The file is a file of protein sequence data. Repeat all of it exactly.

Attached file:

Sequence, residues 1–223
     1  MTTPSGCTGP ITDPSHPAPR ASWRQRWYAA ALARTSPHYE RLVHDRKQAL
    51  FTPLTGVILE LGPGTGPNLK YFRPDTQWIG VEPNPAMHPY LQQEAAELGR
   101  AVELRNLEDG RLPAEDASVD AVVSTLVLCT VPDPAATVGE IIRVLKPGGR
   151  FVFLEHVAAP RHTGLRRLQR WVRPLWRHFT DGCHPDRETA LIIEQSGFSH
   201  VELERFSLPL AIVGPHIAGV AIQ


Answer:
Sequence, residues 1–223
     1  MTTPSGCTGP ITDPSHPAPR ASWRQRWYAA ALARTSPHYE RLVHDRKQAL
    51  FTPLTGVILE LGPGTGPNLK YFRPDTQWIG VEPNPAMHPY LQQEAAELGR
   101  AVELRNLEDG RLPAEDASVD AVVSTLVLCT VPDPAATVGE IIRVLKPGGR
   151  FVFLEHVAAP RHTGLRRLQR WVRPLWRHFT DGCHPDRETA LIIEQSGFSH
   201  VELERFSLPL AIVGPHIAGV AIQ